Ding, dong, DADT is dead!

Post-DADT: Day Three

I guess I shouldn’t say “post-DADT” because it’s still in effect and will be until Obama puts pen to paper and beyond.

But close enough.

Civilian friends have been running up to me and saying with expectant expressions, “How do you feel? Isn’t it great? Aren’t you happy?”

And I say in a monotone,”Yeah.” They hesitate for a second, waiting for some other reaction, and then when they realize they’re not gonna get one they fall back, somewhat disappointed because I was the first person they thought of when they saw it on the news.

It’s strange. This is the best news I’ve heard since — ever. I’ll remember yesterday until I’m an old dyke people interview for documentaries about the bad old days. But I don’t feel euphoric. Really I just want to cry, or have sex with Captain Awesome (who is 1,000 miles away).

It’s kind of exhausting — all the writing and lobbying and hoping and wishing and stressing — I just want to forget about it. To pretend it never happened.

Maybe that’s what I’ll do. Just pretend all the supressed smiles and the fear never happened. Just pretend I was never nauseous in the commissary ’cause we should not have gone there together. I’ll pretend I never disguised my letters or switched pronouns.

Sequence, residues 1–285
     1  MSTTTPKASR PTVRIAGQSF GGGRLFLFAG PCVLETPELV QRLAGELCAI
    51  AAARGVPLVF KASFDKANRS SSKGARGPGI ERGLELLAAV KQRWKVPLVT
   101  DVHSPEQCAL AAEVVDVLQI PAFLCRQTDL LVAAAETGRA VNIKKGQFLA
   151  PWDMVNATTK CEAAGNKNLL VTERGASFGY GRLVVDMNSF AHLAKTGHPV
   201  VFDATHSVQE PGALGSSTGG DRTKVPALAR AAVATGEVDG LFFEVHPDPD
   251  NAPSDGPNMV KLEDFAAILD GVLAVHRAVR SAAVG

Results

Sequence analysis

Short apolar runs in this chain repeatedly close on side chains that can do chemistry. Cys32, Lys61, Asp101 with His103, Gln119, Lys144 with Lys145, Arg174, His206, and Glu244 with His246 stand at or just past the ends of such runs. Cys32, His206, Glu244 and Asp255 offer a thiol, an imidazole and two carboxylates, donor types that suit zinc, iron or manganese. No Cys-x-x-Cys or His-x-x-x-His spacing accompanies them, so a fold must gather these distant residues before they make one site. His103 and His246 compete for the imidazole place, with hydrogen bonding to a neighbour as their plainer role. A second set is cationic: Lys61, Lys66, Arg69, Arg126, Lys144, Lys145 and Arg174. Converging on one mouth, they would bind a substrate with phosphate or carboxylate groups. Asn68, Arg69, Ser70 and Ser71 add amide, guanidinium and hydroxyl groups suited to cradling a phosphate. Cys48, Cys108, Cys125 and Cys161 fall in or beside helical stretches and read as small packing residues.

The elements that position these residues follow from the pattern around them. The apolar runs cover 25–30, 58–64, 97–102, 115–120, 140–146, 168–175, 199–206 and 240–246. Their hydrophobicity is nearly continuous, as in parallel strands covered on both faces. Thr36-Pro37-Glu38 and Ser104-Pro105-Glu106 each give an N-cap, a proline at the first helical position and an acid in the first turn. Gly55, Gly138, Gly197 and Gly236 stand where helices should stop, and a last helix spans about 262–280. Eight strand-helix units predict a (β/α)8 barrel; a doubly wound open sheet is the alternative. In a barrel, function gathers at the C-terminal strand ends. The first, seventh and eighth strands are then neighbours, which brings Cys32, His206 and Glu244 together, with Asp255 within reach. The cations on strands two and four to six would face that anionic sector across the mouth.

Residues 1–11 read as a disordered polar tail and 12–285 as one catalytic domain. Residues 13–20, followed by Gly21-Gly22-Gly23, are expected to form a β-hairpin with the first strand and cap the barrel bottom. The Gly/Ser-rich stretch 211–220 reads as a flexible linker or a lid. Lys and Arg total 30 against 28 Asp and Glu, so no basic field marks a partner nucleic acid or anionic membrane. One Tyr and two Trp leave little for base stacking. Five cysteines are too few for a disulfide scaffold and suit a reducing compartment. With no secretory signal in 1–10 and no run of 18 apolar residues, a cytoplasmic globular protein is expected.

I’m happy, but it doesn’t take away all the stress we went through. And really, Captain Awesome hasn’t even been active duty that long. My friend Chief has been in for 12 years. Gay Soldier’s Husband‘s husband similarly has a long history. And there are others who served their full 20 years and never breathed a word.

So forgive us if we’re not dancing in the streets like we should be, or if we have a hard time smiling. It’s overwhelming. Also, we’re still shocked. We’re still realizing the myriad ways this is gonna change our lives. I was walking down the street, and I suddenly realized that if I were with Captain Awesome, we could hold hands. Then I realized I wasn’t gonna have to put up that silly picture of me at military ball with a straight man.

But I’m going to keep the picture, to remind us what lengths we once had to go to — and will go to no more.


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